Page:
Comparative Study
Journal Article
Add like
Add dislike
Add to saved papers

Muscular atrophy in diabetic neuropathy: a stereological magnetic resonance imaging study.

Diabetologia 1997 September
Diabetic patients with polyneuropathy develop motor dysfunction. To establish whether motor dysfunction is associated with muscular atrophy the ankle dorsal and plantar flexors of the non-dominant leg were evaluated with magnetic resonance imaging in 8 patients with symptomatic neuropathy, in 8 non-neuropathic patients and in 16 individually matched control subjects. In the neuropathic patients the muscle strength of the ankle dorsal and plantar flexors was reduced by 41% as compared to the non-neuropathic patients (p < 0.005). Volume of the ankle dorsal and plantar flexors was estimated with stereological techniques from consecutive cross-sectional images of the lower leg. The neuropathic patients had a 32% reduction in volume as compared with the non-neuropathic patients (p < 0.005). To determine the regional distribution of atrophy cross-sectional magnetic resonance images were performed at predetermined levels of the lower leg in relation to bone landmarks. In the neuropathic patients there was an insignificant increase of 3% of muscle area at the proximal lower leg level, whereas the atrophy was 43% (p < 0.002) at the mid lower leg level and 65% (p < 0.002) distally. Analysis of individual muscles confirmed that the atrophy predominated distally. We conclude that muscular atrophy underlies motor weakness at the ankle in diabetic patients with polyneuropathy and that the atrophy is most pronounced in distal muscles of the lower leg indicating that a length dependent neuropathic process explains the motor dysfunction.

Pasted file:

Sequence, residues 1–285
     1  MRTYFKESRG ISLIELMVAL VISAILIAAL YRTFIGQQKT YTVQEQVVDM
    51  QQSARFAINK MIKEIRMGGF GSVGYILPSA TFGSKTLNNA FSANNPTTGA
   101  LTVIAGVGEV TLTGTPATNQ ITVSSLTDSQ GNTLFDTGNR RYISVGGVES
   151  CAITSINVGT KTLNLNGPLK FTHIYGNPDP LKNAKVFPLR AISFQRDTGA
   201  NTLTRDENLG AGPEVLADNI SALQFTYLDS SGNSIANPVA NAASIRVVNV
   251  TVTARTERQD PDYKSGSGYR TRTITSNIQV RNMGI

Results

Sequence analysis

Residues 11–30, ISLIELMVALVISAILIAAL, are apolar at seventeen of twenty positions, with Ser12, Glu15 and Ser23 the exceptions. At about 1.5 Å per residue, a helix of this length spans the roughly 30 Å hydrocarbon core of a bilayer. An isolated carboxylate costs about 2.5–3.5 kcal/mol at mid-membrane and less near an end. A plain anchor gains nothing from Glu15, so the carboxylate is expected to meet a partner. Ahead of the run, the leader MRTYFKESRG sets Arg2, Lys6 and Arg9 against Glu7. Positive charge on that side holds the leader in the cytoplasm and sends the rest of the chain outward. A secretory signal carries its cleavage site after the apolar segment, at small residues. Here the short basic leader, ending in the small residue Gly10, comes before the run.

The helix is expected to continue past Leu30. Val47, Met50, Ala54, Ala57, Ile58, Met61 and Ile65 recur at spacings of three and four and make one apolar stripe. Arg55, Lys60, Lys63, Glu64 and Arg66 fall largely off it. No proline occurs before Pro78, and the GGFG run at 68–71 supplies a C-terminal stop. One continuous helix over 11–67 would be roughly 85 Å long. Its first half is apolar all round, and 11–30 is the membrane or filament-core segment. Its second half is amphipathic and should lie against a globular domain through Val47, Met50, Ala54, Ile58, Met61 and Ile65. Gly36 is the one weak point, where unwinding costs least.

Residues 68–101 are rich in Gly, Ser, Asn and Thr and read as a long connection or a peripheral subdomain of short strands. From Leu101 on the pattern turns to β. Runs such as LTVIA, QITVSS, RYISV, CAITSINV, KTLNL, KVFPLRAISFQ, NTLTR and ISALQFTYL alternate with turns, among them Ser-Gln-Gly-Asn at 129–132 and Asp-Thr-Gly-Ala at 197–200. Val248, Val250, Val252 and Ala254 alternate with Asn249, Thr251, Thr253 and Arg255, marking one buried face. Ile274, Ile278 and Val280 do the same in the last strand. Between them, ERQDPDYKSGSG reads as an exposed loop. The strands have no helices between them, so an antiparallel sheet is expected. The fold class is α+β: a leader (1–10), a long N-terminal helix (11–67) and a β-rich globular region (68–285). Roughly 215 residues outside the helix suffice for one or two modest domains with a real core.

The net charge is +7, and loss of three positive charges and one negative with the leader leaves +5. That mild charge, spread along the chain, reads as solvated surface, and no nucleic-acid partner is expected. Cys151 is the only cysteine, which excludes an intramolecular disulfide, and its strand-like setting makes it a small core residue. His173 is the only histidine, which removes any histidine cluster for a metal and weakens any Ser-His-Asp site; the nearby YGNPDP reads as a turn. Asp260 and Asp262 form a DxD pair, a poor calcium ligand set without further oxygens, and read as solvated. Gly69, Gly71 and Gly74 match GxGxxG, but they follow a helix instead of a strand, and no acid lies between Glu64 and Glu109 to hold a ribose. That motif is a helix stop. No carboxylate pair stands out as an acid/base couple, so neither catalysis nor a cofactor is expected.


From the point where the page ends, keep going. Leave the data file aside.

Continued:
Full text links

We have located links that may give you full text access.
Can't access the paper?
Try logging in through your university/institutional subscription. For a smoother one-click institutional access experience, please use our mobile app.

Related Resources

For the best experience, use the Read mobile app

Mobile app image

Get seemless 1-tap access through your institution/university

For the best experience, use the Read mobile app

All material on this website is protected by copyright, Copyright © 1994-2024 by WebMD LLC.
This website also contains material copyrighted by 3rd parties.

By using this service, you agree to our terms of use and privacy policy.

Your Privacy Choices Toggle icon

You can now claim free CME credits for this literature searchClaim now

Get seemless 1-tap access through your institution/university

For the best experience, use the Read mobile app